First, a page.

Workshop on Privacy, Confidentiality and Identifiability in Genomic Research

Workshop on Privacy, Confidentiality and Identifiability
in Genomic Research

Bethesda, Md.
October 3-4, 2006

William W. Lowrance, Ph.D., Project Leader


Genomic research is now being broadened to include complex population-based studies, and the results of medical sequencing projects are being assembled into databases. While all this holds great promise to further the understanding of health and disease, it also brings potential threats both to the privacy of the people whose genomes are being studied and to public trust in the burgeoning genomic research enterprise.

Concerned about the risks, the National Human Genome Research Institute (NHGRI) asked Dr. William Lowrance, a consultant on health research ethics and policy, to prepare a white paper (Privacy, Confidentiality, and Identifiability in Genomic Research) and co-chair with Dr. Francis Collins, the NHGRI director, a workshop involving an experienced group of scientists, NIH and other government officials and staff, ethicists, lawyers, lay advocates, and leaders of several large research projects, to discuss the issues.

Generally the analysis of the white paper was accepted - it should be considered part of this summary - and the following conclusions informally emerged.

The Situation

Increasing amounts of highly detailed genomic data, often linked with health and other data, are being released in both research and non-research settings, and this trend will continue. Although the chances of identity disclosure and possible negative consequences for the data-subjects, researchers, or institutions are difficult to estimate (because they depend heavily on circumstances), probably they are small. But it is clear that access to more data by more diverse accessors for more varied purposes inevitably will increase the risks.

Four Themes Accepted As Granted
  1. All policies and practices must support pursuit of maximal public benefit, but they must at the same time protect the privacy and confidentiality of the people whose genomes are being studied.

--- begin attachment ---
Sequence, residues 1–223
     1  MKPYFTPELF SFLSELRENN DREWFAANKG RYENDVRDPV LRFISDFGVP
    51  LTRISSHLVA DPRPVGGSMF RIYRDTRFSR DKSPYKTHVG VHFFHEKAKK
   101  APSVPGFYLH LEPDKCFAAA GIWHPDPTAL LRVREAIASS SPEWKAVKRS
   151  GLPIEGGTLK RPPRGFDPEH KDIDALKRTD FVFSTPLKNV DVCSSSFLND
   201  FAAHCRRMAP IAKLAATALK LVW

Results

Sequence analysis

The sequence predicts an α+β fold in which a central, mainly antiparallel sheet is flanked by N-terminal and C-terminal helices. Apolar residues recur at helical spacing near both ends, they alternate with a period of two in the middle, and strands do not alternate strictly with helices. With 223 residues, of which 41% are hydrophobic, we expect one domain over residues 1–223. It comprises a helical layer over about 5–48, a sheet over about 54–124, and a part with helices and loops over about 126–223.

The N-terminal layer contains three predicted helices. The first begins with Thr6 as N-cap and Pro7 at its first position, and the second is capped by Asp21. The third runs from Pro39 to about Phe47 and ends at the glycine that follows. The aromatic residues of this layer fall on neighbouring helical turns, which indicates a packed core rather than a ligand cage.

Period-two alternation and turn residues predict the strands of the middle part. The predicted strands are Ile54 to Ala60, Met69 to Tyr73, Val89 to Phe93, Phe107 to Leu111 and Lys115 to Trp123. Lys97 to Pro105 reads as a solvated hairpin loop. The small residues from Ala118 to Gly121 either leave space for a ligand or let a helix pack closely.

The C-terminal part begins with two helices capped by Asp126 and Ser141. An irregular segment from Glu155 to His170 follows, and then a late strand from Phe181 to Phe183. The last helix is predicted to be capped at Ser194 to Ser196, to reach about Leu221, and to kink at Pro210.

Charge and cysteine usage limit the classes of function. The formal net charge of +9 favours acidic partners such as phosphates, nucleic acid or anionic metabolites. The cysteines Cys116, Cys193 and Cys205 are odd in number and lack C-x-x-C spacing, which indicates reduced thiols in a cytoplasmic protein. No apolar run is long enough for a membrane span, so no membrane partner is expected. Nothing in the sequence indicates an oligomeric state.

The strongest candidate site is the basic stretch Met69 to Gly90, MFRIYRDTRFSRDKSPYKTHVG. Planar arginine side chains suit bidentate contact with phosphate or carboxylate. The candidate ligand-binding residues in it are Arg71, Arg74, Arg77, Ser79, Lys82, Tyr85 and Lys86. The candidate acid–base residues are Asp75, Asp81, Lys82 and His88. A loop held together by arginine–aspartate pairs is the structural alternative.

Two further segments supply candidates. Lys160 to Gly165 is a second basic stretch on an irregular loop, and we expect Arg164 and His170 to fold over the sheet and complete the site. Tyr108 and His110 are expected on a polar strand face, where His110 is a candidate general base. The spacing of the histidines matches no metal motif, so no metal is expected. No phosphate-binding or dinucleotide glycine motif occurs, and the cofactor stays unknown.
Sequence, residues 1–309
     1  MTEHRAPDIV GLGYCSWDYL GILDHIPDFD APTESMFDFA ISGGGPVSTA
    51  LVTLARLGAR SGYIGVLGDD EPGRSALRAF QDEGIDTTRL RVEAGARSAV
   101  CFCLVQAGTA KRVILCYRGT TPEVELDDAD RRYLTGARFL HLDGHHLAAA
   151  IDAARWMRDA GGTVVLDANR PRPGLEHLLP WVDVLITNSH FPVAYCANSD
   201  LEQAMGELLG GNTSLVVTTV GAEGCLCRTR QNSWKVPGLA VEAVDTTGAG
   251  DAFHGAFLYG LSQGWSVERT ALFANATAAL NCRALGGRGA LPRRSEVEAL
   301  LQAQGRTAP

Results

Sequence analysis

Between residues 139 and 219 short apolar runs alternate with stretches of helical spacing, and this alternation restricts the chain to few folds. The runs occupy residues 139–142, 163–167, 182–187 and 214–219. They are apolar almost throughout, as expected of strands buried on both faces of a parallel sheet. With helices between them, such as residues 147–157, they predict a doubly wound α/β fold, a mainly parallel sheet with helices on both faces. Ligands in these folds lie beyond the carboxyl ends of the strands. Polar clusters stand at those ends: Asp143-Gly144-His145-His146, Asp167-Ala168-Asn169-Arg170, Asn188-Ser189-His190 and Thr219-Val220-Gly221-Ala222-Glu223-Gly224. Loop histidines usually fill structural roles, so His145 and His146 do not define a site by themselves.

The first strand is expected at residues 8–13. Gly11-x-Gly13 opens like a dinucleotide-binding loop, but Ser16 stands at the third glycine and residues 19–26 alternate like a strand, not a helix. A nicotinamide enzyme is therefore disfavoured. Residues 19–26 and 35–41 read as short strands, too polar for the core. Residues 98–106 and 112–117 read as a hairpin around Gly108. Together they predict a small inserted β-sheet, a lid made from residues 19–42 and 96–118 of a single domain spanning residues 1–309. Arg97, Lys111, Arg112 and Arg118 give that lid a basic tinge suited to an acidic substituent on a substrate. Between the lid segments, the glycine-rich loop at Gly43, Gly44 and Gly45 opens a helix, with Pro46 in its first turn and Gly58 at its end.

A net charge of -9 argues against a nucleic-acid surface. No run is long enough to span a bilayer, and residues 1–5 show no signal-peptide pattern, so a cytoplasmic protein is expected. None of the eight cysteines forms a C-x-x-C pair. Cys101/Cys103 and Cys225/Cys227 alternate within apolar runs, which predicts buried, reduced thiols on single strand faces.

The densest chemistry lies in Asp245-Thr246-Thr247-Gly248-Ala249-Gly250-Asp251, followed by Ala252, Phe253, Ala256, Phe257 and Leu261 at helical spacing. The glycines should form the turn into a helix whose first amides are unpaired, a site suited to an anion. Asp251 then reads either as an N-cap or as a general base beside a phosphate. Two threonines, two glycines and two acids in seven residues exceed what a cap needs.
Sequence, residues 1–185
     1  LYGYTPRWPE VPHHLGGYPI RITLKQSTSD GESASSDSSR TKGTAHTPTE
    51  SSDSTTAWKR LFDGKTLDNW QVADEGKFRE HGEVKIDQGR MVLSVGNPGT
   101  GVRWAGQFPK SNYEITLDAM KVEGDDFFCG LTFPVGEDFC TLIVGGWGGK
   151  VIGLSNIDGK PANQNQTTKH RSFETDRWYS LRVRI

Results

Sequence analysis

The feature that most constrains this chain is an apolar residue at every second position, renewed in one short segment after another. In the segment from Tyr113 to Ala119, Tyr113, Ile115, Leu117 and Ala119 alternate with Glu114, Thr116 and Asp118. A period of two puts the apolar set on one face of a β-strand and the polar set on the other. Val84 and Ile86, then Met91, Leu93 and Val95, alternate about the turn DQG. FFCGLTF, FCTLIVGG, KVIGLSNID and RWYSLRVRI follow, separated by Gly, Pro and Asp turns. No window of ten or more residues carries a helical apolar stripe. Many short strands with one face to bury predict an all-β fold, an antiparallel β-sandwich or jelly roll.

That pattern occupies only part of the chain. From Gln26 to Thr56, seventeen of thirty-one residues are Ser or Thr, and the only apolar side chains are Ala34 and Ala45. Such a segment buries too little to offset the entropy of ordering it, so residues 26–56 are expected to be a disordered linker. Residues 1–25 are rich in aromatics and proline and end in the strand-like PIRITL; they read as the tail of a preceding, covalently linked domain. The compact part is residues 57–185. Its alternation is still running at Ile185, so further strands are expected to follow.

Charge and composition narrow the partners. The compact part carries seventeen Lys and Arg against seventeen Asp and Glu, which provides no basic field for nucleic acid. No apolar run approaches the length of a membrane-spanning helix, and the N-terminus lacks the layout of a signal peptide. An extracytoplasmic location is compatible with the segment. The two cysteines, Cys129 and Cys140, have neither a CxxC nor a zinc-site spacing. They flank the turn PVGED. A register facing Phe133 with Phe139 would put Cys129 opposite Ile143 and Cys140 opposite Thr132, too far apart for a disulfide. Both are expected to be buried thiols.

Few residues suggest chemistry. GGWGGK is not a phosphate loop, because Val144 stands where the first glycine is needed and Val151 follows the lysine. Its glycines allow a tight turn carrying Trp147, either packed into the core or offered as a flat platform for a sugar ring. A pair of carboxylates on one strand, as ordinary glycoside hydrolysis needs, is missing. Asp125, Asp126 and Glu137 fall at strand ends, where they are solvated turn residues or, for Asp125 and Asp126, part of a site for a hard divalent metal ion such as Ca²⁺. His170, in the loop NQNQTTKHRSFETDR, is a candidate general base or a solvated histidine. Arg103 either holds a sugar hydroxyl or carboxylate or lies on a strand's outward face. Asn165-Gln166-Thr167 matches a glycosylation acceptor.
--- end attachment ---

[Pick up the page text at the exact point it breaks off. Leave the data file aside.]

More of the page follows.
2. Scientific community data-resource projects and efficient access to data and biospecimens greatly facilitate important modes of genomic research and must be fostered.

  3. At this stage in the maturation of genomic science, the research community must "bend over backward" to protect - and be viewed as protecting and respecting - the people from whom data are derived.

  4. Responsibility for protecting identifiability, privacy, and confidentiality is shared by everyone in the chain of data collection, distribution and use.

Approaches by Which Non-Identified Data May Become Identified

    Matching: If identified or straightforwardly identifiable reference genotype data are available, matching can be performed with very high reliability.

    Linking: When genomic data are associated with such clues as diagnosis, locale, health care or payment information, treatment dates, and so on, there is a possibility that the data can be searched against administrative or other identified data-sets and lead to identification of individuals.

    Profiling/Describing: As the phenotypic manifestations of various genes become known, it will increasingly become possible to construct probabilistic descriptions of persons from genomic data. Already a small number of physical attributes and proxies for ethnicity are inferable; soon many chronic-disease susceptibilities will be; and before long some behavioral tendencies will be.

Approaches to Protecting Identities

    Limiting the amount of genomic information released from each sample.
    Technically this is easy to do and is often done. Precautions can be taken to make sure that individual genotypes or separate sequence-reads from a sample cannot be reassembled into a dataset that might be unique to the individual. But releasing too few SNPs or too-short snippets of sequence may limit research usefulness.

    Statistically degrading data before releasing.
    Techniques such as micro-aggregating ("binning"), scrambling, and masking can be employed, and they may be acceptable for some analyses, but generally these degrade usefulness.

    Sequestering identifiers via key-coding.